In the mid nineties I had not long started an MA at the Royal College of Art where I happened upon a staircase that led out of the then Film and Television department to a non space, an autonomous zone, a cupboard filled with the most unusual collection of VHS tapes. The keeper of this archive, of these radical and inspiring materials was A.L. Rees. It was not long after him and his cupboard arrived that like me, a few other students across different departments found him, and in turn we found each other. Unplanned and unscripted we would spend hours whiling away the time together, watching and discussing film, art, politics, literature in the most radically informal deep conversations. This was and will always be the best part of my education as a student at the RCA. I also had the pleasure of being his colleague for many years at the RCA, which opened up another dimension to our friendship, his ongoing support for my filmmaking which in turn supported my ideas to have a place in the world. His enduring commitment to artists and filmmaking through his years of crossing from one end of London to the other to attend’s board meetings. When Al was present we always had the finest laugh, and fun at what could have been at best tedious and bureaucratic. Over the years the numerous and multiple events, screenings and performances that we shared together as friends. The long afternoons spent at the house with the fabulous artist Angela Allen, Al and the cats, always leaving Plumstead so much more relaxed and a few pounds heavier than when we both (Brad & I) had arrived. Al was friend, mentor, guide, critic, colleague and most of all a beautiful radical soul that will be dearly missed in our lives. (Karen)

I first met Al in a pub in Swiss Cottage after a screening, we talked for a while and it was only later that I realised this was the same man who had written Experimental Film and Video, which was hugely influential on me as well as so many others. It opened my eyes to so many aspects of working with the moving image I was utterly unaware of. I will remember Al Rees as a someone who was always ready to listen, share ideas and advice, and for the clarity of insight, wisdom and experience he could bring to overcoming a problem or finding a solution. He told me once that every time he went past the site of Tyburn Gallows in Marble Arch that he would raise his hat and say a prayer to the memory of the dead, and I am holding this generous and touching act in my mind in the week of his passing. (James)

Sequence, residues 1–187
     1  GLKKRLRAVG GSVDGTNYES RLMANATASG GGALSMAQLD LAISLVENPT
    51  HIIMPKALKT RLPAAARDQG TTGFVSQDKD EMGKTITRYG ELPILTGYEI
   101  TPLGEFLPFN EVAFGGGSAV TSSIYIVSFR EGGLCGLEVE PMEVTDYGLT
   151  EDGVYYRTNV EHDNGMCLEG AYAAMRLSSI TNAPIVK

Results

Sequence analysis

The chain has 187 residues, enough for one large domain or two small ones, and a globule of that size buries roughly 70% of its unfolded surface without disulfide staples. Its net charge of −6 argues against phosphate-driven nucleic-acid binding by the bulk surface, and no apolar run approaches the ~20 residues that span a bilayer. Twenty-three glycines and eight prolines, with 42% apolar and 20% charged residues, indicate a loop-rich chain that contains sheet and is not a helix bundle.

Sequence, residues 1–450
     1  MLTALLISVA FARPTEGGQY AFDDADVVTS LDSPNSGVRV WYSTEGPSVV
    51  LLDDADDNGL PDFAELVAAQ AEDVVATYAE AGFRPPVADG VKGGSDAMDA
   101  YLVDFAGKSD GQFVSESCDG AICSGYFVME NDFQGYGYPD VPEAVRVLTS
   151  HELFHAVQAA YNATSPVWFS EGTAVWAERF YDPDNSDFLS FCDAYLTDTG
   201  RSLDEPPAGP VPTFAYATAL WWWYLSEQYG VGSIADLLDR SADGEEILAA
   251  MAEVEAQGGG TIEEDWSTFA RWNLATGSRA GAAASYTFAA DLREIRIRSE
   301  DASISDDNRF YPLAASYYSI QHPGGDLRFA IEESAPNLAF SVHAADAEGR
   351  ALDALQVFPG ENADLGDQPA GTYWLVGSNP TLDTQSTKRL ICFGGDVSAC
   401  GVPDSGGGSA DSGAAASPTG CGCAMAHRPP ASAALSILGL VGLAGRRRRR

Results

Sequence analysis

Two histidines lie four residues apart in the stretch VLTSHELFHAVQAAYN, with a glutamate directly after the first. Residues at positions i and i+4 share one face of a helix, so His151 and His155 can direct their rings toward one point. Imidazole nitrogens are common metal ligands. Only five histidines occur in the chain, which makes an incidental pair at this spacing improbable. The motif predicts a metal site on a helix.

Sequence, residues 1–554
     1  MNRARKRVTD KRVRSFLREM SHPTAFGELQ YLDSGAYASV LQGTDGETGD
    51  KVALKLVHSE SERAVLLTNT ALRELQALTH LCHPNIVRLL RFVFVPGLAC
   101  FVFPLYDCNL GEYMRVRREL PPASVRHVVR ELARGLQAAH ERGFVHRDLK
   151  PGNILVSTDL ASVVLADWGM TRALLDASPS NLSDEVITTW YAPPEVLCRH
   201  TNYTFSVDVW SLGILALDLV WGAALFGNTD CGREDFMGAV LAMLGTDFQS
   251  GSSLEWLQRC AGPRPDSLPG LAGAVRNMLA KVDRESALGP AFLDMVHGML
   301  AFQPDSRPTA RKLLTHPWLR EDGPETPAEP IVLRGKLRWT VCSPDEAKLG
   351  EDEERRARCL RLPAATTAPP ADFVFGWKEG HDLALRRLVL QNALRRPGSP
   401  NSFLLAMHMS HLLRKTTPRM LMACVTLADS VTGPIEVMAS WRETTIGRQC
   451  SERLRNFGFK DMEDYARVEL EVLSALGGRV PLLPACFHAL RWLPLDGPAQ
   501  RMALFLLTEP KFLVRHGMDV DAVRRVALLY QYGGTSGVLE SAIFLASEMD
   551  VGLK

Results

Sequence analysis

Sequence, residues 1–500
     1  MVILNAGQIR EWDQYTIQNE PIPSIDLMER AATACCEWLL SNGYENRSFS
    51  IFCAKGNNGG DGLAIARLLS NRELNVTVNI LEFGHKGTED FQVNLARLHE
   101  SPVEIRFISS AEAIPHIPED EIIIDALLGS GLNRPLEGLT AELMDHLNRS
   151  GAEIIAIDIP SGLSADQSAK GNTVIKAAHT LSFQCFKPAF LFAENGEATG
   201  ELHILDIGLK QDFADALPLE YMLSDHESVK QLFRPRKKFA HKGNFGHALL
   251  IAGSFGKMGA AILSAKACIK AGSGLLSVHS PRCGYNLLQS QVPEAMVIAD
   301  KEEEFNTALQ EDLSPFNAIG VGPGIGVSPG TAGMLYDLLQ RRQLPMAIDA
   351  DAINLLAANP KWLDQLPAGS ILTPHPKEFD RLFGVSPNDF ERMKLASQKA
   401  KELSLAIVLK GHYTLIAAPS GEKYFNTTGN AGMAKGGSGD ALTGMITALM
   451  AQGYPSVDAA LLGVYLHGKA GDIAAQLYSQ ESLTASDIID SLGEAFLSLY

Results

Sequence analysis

Wednesday, 30 July 2014

Inferno - Hand Tinting Workshop

Inferno! from nowhere london on Vimeo.

Hand Processed Colour Negative Experiments

The Making and Reimagining of Industrial Park with Lucy Pawlak and Mao Mollona

Working with artist Lucy Pawlak and writer and anthropologist Mao Mollona Drawing on scholarly debates on melodrama, popular TV genres such as telenovelas and politics, we will worked with Patricia Galvao’s Industrial Park a modernist masterpiece on the lives of the working-class in Sao Paulo. We worked together to make and edit a few scenes which were then shown the following evening. By looking at the film process as labour process, we  investigated the politics of labour representation, filmmaking and alienation.

Reflections on Avery Gordon's Workshop for the summer school

Write for the allotted time. When you are finished writing your scene, pass it on to the person next to you. That person should continue writing the scene for the next allotted time.